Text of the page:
On Their Debut Album, Cursive Dragged a Budding Genre into a Darker Place


This story is over 5 years old.

On Their Debut Album, Cursive Dragged a Budding Genre into a Darker Place

20 years ago, 'Such Blinding Stars for Starving Eyes' paved the way for what was to come for Cursive, Omaha, and emo.

By 1997, the shine of grunge was wearing off and a new crop of bands was taking music in a more emotionally honest direction. Whether or not their members realized it, they were building the foundation for what would come to be labeled as emo. 1997: The Year Emo Broke explores the albums that drove this burgeoning genre that year.

Tim Kasher has spent over 20 years strangling audiences with grief. In 1997, as critics were starting to throw the term "emo" around to describe the varied sounds of bands like At The Drive-In, Get Up Kids, Braid, and Jawbreaker, Kasher's band Cursive made a darker, more severe version of the budding genre. Their discordant song structure elevated them above the fray. Cursive's 1997 full-length debut, Such Blinding Stars for Starving Eyes, exercised shrill, melodic dissonance with a penchant for wallowing heartbreak. From the minute the record begins with "After the Movies," Tim Kasher's garbled screams border on melodramatic. Yet the misery seems anything but contrived.


The overbearing dispiritedness almost made Cursive a tough sell outside of a niche market: the emo elites. Lyrics like "Love as fragile as a wine glass… It should have been forever" bedeck this emotionally exhausting, yet haunting debut. The punk songwriting structure at the core of many of Cursive's contemporaries is absent in Such Blinding Stars for Starving Eyes. This more volatile sound allowed their torment to come off as credulous, not the mall-ready anguish that would soon overtake the emo world. But like a chef with a secret ingredient, resisting the urge to overuse it proved difficult for Cursive. It was too much of a good thing. The album, as a whole, lacks nuance. They were kids, after all.

Their musical journey began as the much-revered Slowdown Virginia, a band responsible for setting the tone for the Omaha scene. Shortly after their breakup, Kasher, bassist Matt Maginn, and guitarist Steve Pedersen reformed as Cursive, with the addition of drummer Clint Schnase. After two EP releases in a straightforward post-punk style, Cursive released Such Blinding Stars for Starving Eyes in 1997 on Crank! Records.

Their evolved sound on the debut full-length saw Cursive take steps to find a deeper dynamic within their music. However, to listen to these 11 tracks in one sitting can be physically debilitating. Not because of lack of virtuosity, but because they're emotionally taxing, with little relief. There's a point when it all starts to sort of blur. With no respite from Kasher's soul-crushing lyrics—coupled with the complex rhythms and guitar work—this record drags the listener down a maelstrom of sorrow. Burrowing in the agony of the album comes with little payoff; there is no catharsis. But had Cursive not allowed itself to see how far down the rabbit hole it could go, maybe the band would have never known what it'd be capable of. Those deep, dark moments serve great purpose on their later, more fulfilled albums like Domestica and The Ugly Organ.


Perhaps one of the more discernible songs on the album is "Ceilings Crack," wherein Kasher makes lyrics like "I know I've been an asshole to you" commit to the listener's memory. On "Retirement," his negative outlook about growing old is accompanied by one of the most effective "quiet/loud" tracks on the album. "There's no slot machines past the pearly gates," he screams as the grating guitars intentionally stray from one another causing the kind of discomfort that keeps masochistic listeners coming back for more.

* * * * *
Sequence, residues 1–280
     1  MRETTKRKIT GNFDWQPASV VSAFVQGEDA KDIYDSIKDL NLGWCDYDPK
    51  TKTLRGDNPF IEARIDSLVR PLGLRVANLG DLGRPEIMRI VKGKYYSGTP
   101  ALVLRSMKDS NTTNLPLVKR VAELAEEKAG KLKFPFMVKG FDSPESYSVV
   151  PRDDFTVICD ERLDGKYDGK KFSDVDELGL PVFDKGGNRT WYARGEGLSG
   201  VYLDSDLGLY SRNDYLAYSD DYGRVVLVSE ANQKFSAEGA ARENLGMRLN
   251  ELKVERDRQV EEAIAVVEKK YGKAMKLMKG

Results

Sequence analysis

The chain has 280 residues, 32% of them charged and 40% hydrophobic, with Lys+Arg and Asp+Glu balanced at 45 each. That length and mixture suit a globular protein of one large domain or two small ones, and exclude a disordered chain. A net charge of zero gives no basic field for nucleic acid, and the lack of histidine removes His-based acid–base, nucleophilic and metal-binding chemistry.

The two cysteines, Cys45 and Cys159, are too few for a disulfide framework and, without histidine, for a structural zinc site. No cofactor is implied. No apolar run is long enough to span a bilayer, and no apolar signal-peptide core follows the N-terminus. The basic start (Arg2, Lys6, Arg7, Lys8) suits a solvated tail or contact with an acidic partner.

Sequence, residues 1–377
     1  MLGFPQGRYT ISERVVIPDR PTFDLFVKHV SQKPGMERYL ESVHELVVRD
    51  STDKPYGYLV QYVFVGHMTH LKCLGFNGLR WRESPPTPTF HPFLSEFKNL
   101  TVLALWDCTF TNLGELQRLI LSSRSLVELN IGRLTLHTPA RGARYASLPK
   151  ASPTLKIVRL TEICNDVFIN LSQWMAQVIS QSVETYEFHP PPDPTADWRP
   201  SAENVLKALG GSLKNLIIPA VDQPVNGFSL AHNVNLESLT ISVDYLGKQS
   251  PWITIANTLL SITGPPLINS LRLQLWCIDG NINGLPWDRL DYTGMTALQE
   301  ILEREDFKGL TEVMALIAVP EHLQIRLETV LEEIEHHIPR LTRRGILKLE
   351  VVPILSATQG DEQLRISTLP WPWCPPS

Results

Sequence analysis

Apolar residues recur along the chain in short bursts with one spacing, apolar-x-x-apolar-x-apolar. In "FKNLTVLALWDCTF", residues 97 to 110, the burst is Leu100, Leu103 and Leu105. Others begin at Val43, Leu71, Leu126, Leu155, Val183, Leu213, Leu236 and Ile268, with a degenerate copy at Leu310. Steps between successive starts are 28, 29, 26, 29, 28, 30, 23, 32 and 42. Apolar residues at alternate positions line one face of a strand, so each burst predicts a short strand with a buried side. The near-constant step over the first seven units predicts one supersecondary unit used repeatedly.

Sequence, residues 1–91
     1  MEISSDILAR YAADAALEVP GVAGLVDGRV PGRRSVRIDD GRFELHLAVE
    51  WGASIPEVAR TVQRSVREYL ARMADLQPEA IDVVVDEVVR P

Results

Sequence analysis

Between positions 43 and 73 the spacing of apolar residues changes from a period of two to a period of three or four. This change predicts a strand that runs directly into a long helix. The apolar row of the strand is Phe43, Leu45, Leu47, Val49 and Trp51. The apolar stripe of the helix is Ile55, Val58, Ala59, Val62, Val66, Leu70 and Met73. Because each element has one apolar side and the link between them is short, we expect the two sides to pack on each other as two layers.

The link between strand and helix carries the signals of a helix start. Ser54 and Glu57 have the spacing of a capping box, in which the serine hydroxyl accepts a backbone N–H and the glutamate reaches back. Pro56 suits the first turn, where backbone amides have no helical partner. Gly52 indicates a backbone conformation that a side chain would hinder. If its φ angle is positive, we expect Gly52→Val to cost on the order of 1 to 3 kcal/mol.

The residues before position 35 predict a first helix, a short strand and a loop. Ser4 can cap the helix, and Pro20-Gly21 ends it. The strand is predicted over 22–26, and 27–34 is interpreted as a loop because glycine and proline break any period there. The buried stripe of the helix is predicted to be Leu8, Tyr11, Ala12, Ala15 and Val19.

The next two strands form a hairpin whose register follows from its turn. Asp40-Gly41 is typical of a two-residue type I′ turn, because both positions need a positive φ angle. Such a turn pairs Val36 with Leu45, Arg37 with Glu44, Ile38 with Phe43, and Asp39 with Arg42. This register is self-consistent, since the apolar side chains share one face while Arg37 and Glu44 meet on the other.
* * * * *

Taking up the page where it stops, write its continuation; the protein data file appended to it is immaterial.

After Cursive's initial, critically tepid run from 1995 to 1998, and a year-long hiatus, the band returned in 1999 with a renewed artistic urgency. Along with associated acts like Bright Eyes and The Faint, they helped reshape the way people thought about Omaha, Nebraska, a town once mostly known for dry-aged steaks, TV dinners, and 311. They propelled Omaha and Saddle Creek Records to international renown.

Maturity helped the band to learn when to pull back on the gloom. Instead of waving it around like a novelty, Cursive found how to use despair effectively, pulling back at just the right moments to keep the audience hooked. They learned that just because you can, doesn't always mean you should. Channeling Robert Smith, Pavement, and their own Great Plains-ennui, they had a recipe for displaying misery in an uncontrived way. But before they could make an album worthy of being deemed a masterpiece, they had to learn to control their untried fervor.

These are lessons they had yet to grasp on Such Blinding Stars for Starving Eyes. Yet even through all their evolution and success, Cursive never made readily accessible music. At their poppiest, they always required effort from the listener. And the fact that their audience is still there 20 years after their debut is exactly why Cursive was and continues to be one of the greatest success stories from this class of emo pioneers.

Even with all that Cursive and Kasher have accomplished musically since their early days, Such Blinding Stars for Starving Eyes, still holds up as a great record 20 years later. Like in life, bands mature and learn how to harness their emotions. And though Cursive had yet to learn this at the time, their debut is an intensely complicated and involved album, and a great start to an over 20-year career that still finds them playing sold-out theaters across the world.

Eddie Cepeda is the founder of Mother of Pearl Vinyl and a writer in New York City. Follow him on Twitter.